The django.contrib.sitemaps.GenericSitemap class works with any generic views you already have. To use it, create an instance, passing in the same info_dict you pass to the generic views. The only requirement is that the dictionary have a queryset entry. It may also have a date_field entry that specifies a date field for objects retrieved from the queryset. This will be used for the lastmod attribute in the generated sitemap. You may also pass priority and changefreq keyword arguments to the GenericSitemap constructor to specify these attributes for all URLs.

Example

Here’s an example of a URLconf using both:

from django.conf.urls import patterns, url, include
from django.contrib.sitemaps import FlatPageSitemap, GenericSitemap
from blog.models import Entry

info_dict = {
    'queryset': Entry.objects.all(),
    'date_field': 'pub_date',
}

sitemaps = {
    'flatpages': FlatPageSitemap,
    'blog': GenericSitemap(info_dict, priority=0.6),
}

urlpatterns = patterns('',
    # some generic view using info_dict
    # ...

    # the sitemap
    (r'^sitemap\.xml$', 'django.contrib.sitemaps.views.sitemap', {'sitemaps': sitemaps})
)

Creating a sitemap index

The sitemap framework also has the ability to create a sitemap index that references individual sitemap files, one per each section defined in your sitemaps dictionary. The only differences in usage are:

  • You use two views in your URLconf: django.contrib.sitemaps.views.index() and django.contrib.sitemaps.views.sitemap().
  • The django.contrib.sitemaps.views.sitemap() view should take a section keyword argument.

Here’s what the relevant URLconf lines would look like for the example above:

urlpatterns = patterns('django.contrib.sitemaps.views',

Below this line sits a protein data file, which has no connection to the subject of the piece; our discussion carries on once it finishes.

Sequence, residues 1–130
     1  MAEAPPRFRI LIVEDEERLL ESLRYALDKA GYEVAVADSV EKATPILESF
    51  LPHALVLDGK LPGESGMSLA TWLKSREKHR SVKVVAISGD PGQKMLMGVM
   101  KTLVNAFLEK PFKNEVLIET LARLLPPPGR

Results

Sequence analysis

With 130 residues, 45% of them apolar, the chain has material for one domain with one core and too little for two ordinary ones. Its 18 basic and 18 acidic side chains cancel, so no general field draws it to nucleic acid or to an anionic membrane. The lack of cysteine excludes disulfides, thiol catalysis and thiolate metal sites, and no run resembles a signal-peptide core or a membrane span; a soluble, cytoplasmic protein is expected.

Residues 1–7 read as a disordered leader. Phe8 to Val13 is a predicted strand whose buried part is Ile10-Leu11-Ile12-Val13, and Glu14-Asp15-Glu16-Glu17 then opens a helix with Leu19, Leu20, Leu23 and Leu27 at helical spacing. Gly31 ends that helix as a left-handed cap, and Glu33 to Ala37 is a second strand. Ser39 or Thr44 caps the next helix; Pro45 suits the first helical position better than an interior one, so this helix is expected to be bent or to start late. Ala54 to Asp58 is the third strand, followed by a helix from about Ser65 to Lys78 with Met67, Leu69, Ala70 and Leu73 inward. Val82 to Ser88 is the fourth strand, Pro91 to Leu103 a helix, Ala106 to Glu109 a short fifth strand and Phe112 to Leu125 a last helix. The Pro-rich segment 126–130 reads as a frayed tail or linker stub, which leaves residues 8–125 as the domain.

(r'^sitemap\.xml$', 'index', {'sitemaps': sitemaps}),
    (r'^sitemap-(?P<section>.+)\.xml$', 'sitemap', {'sitemaps': sitemaps}),
)

This will automatically generate a sitemap.xml file that references both sitemap-flatpages.xml and sitemap-blog.xml. The Sitemap classes and the sitemaps dict don’t change at all.

You should create an index file if one of your sitemaps has more than 50,000 URLs. In this case, Django will automatically paginate the sitemap, and the index will reflect that.

New in Django 1.4: Please see the release notes

If you’re not using the vanilla sitemap view – for example, if it’s wrapped with a caching decorator – you must name your sitemap view and pass sitemap_url_name to the index view:

from django.contrib.sitemaps import views as sitemaps_views
from django.views.decorators.cache import cache_page

urlpatterns = patterns('',
    url(r'^sitemap\.xml$',
        cache_page(86400)(sitemaps_views.index),
        {'sitemaps': sitemaps, 'sitemap_url_name': 'sitemaps'}),
    url(r'^sitemap-(?P<section>.+)\.xml$',
        cache_page(86400)(sitemaps_views.sitemap),
        {'sitemaps': sitemaps}, name='sitemaps'),
)

Template customization

New in Django 1.3: Please see the release notes

If you wish to use a different template for each sitemap or sitemap index available on your site, you may specify it by passing a template_name parameter to the sitemap and index views via the URLconf:

urlpatterns = patterns('django.contrib.sitemaps.views',
    (r'^custom-sitemap\.xml$', 'index', {
        'sitemaps': sitemaps,
        'template_name': 'custom_sitemap.html'
    }),
    (r'^custom-sitemap-(?P<section>.+)\.xml$', 'sitemap', {
        'sitemaps': sitemaps,
        'template_name': 'custom_sitemap.html'
    }),
)